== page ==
As IVF threat looms in Alabama, patients over 35 or with serious illnesses worry about their future | Trending Viral hub

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Corinn O’Brien, 37, is about two months pregnant through in vitro fertilization, but an ultrasound recently showed the fetus could be in trouble and she wants to have the option to try again if necessary.

Cancer survivor Kailani Greenwood, who is due to give birth in the spring after undergoing IVF, hopes to have more children in the future and has four frozen embryos in storage.

But Alabama women who represent two groups most likely to turn to IVF to start the families they desperately want — women over 35 and those with serious illnesses — worry about whether those options will be there when they need them. O’Brien and Greenwood are among the many whose dreams are in limbo after three of Alabama’s largest clinics suspended IVF services in the wake of a state Supreme Court ruling that described frozen embryos as “children extrauterine”.

“It’s been difficult,” O’Brien said, his voice breaking. “I have no idea what will happen next and that’s really scary.”

It is estimated that 1 in 6 people are affected by infertility worldwide. In the United States, women are increasingly delaying childbearing even though fertility gradually declines after age 30, particularly after age 35. That raises the need for treatments like IVF. Women ages 35 to 44 are more than twice as likely as younger women to say they have used fertility services, according to a 2023 Pew Research Center survey.

In addition to the growing ranks of older patients, doctors point to a smaller but significant number of women facing treatment for conditions such as cancer, lupus and sickle cell anemia and who want to preserve their fertility.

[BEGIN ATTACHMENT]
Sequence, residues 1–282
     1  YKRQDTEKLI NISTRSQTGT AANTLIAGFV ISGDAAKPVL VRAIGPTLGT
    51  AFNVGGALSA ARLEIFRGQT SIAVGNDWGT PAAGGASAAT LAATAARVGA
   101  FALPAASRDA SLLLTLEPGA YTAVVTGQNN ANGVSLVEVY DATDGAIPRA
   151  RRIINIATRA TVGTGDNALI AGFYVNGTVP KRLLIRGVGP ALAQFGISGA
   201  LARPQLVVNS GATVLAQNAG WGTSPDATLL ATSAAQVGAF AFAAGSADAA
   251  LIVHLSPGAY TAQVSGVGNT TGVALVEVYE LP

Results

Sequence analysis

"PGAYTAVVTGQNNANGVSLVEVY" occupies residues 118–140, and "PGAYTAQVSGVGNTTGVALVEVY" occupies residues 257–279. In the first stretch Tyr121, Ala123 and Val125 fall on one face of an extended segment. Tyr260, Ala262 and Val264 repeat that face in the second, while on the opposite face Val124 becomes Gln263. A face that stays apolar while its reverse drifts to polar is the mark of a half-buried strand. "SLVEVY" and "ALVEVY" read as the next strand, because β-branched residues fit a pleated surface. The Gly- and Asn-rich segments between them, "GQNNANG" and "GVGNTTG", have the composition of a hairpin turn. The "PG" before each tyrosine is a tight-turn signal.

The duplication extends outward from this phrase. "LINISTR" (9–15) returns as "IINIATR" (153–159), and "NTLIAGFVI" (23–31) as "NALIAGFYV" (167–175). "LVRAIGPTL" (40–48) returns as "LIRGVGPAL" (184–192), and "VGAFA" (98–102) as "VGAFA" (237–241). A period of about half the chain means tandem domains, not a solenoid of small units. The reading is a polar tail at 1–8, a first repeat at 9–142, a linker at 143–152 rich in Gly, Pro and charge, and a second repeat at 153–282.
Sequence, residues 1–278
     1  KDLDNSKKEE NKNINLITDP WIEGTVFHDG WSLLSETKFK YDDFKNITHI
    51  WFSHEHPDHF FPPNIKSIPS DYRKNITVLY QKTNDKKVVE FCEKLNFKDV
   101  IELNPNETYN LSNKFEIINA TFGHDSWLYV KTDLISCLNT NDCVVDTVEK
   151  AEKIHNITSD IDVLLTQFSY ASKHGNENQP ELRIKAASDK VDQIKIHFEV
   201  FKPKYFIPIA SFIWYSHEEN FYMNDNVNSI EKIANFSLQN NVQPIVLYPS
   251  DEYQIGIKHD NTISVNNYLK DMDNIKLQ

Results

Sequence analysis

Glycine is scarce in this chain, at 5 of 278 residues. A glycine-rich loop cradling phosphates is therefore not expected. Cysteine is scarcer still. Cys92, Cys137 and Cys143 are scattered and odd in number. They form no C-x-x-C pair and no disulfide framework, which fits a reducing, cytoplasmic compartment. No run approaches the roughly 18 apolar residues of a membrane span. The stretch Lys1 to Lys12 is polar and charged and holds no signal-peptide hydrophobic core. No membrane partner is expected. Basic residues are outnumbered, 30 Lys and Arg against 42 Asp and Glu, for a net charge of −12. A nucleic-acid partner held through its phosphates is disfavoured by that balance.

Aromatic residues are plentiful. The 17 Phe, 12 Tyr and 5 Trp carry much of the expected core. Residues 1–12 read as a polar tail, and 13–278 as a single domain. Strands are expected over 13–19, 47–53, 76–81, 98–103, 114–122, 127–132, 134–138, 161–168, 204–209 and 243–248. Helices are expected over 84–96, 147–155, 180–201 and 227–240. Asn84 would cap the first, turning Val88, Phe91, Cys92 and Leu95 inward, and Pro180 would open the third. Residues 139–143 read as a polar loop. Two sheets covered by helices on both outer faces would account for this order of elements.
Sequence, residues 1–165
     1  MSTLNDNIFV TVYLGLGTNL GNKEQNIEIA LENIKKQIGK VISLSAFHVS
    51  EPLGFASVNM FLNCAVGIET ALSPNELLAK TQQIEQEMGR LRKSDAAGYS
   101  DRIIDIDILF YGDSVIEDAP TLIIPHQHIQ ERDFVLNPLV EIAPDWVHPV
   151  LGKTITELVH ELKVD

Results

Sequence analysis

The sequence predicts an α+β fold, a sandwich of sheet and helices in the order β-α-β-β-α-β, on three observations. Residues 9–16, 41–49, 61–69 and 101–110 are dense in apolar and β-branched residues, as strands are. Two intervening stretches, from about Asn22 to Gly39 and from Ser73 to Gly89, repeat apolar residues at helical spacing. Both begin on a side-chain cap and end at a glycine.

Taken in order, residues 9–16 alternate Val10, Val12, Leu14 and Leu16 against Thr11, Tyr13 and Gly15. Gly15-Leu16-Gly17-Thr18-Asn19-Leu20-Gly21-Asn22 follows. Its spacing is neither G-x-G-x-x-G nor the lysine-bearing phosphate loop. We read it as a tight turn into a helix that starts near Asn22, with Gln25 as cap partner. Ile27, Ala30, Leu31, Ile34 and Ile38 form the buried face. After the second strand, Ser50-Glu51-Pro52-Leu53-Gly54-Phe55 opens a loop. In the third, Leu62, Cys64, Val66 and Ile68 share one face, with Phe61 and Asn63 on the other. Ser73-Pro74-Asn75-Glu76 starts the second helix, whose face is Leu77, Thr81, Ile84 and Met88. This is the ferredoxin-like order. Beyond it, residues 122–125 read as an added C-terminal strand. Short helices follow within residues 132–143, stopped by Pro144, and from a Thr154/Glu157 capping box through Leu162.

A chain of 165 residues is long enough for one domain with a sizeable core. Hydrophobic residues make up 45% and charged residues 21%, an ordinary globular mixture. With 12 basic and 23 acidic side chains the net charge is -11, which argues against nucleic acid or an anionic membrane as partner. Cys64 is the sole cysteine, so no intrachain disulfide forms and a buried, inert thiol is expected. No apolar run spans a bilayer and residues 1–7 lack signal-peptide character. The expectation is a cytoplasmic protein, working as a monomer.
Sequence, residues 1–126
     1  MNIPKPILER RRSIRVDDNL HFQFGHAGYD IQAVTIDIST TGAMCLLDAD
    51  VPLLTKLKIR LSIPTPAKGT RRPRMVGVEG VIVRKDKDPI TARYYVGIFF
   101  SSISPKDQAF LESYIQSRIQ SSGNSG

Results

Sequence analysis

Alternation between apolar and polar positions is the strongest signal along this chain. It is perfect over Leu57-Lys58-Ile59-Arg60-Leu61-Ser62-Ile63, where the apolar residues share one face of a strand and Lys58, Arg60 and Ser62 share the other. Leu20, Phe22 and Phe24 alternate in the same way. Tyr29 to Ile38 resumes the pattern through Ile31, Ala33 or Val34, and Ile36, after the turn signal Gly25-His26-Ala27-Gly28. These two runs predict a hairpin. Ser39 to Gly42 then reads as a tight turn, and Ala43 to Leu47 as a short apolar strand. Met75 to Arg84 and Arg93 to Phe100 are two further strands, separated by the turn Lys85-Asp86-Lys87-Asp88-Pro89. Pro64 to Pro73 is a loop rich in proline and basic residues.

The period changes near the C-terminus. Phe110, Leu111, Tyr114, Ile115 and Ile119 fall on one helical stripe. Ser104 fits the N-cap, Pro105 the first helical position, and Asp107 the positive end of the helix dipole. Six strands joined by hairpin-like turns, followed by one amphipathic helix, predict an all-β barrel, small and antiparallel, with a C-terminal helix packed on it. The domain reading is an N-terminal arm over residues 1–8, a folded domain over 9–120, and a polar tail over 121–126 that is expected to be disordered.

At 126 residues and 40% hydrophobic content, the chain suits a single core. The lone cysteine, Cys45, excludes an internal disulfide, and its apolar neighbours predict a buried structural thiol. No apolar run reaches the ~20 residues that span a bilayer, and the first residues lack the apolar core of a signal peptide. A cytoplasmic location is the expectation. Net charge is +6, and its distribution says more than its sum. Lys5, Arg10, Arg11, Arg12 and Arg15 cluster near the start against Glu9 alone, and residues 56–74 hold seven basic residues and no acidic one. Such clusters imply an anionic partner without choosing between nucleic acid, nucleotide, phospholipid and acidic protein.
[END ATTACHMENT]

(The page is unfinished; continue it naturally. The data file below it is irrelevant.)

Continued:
In Alabama, doctors say many of these women are in a holding pattern or seeking help out of state. Some are also pushing for a legislative solution, and on Thursday state lawmakers advanced legislation that would protect the clinics from prosecutions and civil lawsuits. Lawmakers hope to get the measures to the governor this week.

But some doctors and patients worry that they don’t go far enough and that legislation or court rulings in other states could eventually put IVF at risk more broadly.

Dr. Beth Malizia, a Greenwood doctor at Alabama Fertility, a clinic that suspended services, said the upheaval has made life even more difficult for women who are already struggling.

“Look, no one wants to be in our clinic. …No one chooses fertility issues. Nobody chooses cancer. “No one chooses recurrent pregnancy loss,” she said. “We are trying to provide the best care possible and this decision has really limited us in our ability to do that. “We just want to grow families.”

After losing her mother to pancreatic cancer and having no brothers or sisters to turn to, O’Brien realized how important it was for her young daughter to “have a brother to navigate life with after we’re gone.” “.

The Birmingham woman and her husband had been trying to have a baby for some years and she suffered a dangerous and unviable ectopic pregnancy. She tried several fertility treatments before starting IVF. In October she had ten eggs retrieved and three were fertilized and frozen. Her doctor transferred one of the embryos into her uterus in late January and she became pregnant.

But on the same day the court ruling was announced, an ultrasound showed problems with the fetus’s heartbeat.

“It was kind of a double whammy: This may not work and you may not have access to IVF,” she said.